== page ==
This category is designed for users to locate a top UK based plastic manufacturing company to produce their components. All companies have ISO9001 and are selected by PlastikCity based on reputation, financial stability and utilising modern, efficient equipment.
There are six main categories of moulding / plastic manufacturing, each utilised according to a number of factors. Below is a summary of each process. If you remain unsure as to which process is suitable to manufacture your product just email us on firstname.lastname@example.org with your requirements and we will be pleased to advise.
Injection moulding is a manufacturing process for producing parts by injecting material into a mould. Plastic material for the part is fed into a heated barrel, mixed, and forced into a mould cavity, where it cools and hardens to the configuration of the cavity. After a product is designed, usually by an industrial designer moulds (molds in USA) are made by a mouldmaker (or toolmaker) from metal, usually either steel or aluminium, and machined to form the features of the desired part. Injection moulding is widely used for manufacturing a variety of parts, from the smallest components to entire car body panels. Parts to be injection moulded must be very carefully designed to facilitate the moulding process; the material used for the part, the desired shape and features of the part, the material of the mould, and the properties of the moulding machine must all be taken into account. The versatility of injection moulding is facilitated by this breadth of design considerations and possibilities.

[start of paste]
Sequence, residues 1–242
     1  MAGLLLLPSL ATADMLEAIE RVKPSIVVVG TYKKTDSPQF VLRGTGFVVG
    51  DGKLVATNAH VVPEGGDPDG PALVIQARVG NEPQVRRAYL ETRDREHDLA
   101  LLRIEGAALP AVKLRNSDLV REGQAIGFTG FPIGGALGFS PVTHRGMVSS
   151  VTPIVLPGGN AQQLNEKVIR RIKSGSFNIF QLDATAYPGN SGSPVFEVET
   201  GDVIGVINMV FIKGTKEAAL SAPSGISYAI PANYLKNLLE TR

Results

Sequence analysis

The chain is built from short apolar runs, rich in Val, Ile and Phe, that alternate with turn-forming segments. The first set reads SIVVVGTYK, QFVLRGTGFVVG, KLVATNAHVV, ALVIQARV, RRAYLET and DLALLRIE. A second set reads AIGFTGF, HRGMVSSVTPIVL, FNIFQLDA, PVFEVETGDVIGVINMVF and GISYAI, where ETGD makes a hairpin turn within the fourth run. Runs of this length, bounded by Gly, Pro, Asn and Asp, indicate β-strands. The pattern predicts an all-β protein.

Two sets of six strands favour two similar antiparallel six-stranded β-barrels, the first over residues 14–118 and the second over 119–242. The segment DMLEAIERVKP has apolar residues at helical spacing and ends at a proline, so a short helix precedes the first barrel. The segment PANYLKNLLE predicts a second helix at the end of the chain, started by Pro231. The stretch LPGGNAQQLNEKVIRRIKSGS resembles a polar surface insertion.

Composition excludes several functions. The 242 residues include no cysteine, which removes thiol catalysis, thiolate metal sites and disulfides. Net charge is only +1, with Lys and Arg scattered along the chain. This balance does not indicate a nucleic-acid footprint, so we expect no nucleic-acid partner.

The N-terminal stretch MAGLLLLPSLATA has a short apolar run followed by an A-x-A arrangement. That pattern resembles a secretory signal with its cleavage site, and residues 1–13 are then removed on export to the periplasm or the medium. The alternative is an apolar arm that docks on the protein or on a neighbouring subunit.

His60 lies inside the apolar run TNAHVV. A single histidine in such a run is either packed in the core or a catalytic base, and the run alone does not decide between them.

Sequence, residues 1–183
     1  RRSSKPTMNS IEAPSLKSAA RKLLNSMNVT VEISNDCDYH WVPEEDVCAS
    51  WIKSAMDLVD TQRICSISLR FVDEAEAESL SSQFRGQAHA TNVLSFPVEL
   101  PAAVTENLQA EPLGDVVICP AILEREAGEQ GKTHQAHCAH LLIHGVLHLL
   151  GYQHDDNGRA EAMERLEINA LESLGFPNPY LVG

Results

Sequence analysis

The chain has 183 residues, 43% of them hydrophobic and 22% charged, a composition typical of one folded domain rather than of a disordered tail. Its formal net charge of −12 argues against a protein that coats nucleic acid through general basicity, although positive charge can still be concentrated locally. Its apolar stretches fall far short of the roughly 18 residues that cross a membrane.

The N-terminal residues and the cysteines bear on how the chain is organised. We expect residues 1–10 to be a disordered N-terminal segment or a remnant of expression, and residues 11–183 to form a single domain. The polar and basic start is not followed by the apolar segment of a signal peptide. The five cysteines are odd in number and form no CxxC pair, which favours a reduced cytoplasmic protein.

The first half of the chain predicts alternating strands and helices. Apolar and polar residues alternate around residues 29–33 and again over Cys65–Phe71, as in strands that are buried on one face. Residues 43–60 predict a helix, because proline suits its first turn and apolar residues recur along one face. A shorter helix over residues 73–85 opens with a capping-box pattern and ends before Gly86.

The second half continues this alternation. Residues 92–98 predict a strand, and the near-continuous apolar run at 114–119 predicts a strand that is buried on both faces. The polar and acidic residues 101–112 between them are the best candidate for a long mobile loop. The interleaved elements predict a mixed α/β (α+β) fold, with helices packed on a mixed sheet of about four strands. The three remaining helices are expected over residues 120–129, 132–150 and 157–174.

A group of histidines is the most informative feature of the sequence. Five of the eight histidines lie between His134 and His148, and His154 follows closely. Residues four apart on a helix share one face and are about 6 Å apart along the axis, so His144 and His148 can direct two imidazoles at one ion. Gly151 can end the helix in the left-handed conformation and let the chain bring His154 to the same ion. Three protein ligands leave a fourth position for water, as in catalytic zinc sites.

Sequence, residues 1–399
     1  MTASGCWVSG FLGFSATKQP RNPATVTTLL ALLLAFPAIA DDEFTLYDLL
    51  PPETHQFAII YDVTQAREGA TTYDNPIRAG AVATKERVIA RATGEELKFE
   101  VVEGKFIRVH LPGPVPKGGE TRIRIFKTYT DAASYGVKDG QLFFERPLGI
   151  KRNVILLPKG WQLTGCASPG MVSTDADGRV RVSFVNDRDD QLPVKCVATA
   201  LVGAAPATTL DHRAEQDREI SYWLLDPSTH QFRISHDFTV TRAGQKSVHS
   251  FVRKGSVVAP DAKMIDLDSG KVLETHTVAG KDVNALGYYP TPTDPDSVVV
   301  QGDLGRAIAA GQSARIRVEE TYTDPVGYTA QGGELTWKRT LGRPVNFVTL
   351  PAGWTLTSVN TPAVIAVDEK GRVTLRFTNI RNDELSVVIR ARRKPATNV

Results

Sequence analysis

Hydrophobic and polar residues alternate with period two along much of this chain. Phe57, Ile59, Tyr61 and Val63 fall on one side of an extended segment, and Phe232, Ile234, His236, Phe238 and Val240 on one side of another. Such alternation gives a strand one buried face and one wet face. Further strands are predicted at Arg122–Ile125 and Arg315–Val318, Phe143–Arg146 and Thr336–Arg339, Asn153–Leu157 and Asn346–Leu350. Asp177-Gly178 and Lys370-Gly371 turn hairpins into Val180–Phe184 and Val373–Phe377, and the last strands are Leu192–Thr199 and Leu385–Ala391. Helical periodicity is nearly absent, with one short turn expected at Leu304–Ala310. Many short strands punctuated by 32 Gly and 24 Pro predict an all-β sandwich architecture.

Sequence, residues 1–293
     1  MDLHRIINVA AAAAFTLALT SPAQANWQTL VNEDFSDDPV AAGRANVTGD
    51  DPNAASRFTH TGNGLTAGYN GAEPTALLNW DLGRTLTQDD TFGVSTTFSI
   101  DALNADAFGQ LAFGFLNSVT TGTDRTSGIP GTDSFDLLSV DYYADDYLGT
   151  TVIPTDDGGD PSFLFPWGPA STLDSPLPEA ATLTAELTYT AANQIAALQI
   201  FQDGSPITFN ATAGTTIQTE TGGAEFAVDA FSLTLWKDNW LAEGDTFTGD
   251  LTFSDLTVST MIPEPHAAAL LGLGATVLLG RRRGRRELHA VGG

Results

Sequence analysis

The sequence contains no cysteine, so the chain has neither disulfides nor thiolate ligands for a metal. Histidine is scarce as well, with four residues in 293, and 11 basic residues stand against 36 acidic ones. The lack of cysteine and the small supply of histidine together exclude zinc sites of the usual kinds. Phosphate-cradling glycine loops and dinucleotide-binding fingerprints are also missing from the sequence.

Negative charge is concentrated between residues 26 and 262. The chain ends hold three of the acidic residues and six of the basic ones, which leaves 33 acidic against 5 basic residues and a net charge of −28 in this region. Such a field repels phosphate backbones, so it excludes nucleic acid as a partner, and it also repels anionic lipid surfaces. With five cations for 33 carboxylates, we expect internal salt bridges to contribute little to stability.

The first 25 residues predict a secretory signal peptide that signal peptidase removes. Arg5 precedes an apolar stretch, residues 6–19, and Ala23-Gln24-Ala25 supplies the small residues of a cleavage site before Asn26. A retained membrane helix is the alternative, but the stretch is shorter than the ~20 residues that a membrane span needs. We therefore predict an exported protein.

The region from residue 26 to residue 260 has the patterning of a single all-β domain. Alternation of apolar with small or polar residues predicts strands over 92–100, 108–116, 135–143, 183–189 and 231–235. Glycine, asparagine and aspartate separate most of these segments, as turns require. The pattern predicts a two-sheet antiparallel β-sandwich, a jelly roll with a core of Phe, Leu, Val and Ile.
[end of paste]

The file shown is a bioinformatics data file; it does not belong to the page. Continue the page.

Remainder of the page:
Plastic extrusion is a high volume process where material is melted and 'extruded' continuously through a tool (die) that forms a particular design of plastic profile or sheet in a continuous length. The product is then cut to the required length.
Blow moulding is a process by which hollow plastic parts are formed. The blow moulding process begins with melting down the plastic and forming it into a parison. The parison is a tube-like piece of plastic with a hole in one end through which compressed air can pass. The parison is then clamped into a mould and air is blown into it. The air pressure then pushes the plastic out to match the mould. Once the plastic has cooled and hardened the mould opens up and the part is ejected.
In essence, liquid or powdered plastic is poured into the gap between an inner and outer form, which is then heated then rotated /spun/inverted so that the plastic spreads evenly prior to cooling and setting. This is a slow process, but allows large hollow components with thick wall sections to be produced.
With this process, a sheet of plastic is heated and then drawn by vacuum over a profile to produce a three dimensional shape. Large surface areas can be produced, although wall thickness is limited.
Sometimes it is not practical to mould components, for example, volumes are uneconomical, the ‘form’ is complex, wall sections are very thick, or components are very large. In these instances, machining components from solid plastic, or fabricating a solution by combining a number of individual items can be the best option.
Machining engineering grades of plastic using CNC lathes, milling equipment, routers, laser cutters etc. can rapidly produce complex components with difficult to ‘mould’ features such as internal threads.
Large and heavy items can be fabricated by invisibly bonding components such as laser cut acrylic or perspex sheet.
Example Products: display units, tanks and very low volume parts.
PlastikCity has partners that offer very specific moulding applications that may be more suitable to your requirements. These include:
If your products apply to any of the above, please select the hyperlink to navigate direct to the section. After reading the processes that may be applicable to your product and you remain unsure just email us on email@example.com with your requirements and we will be pleased to advise.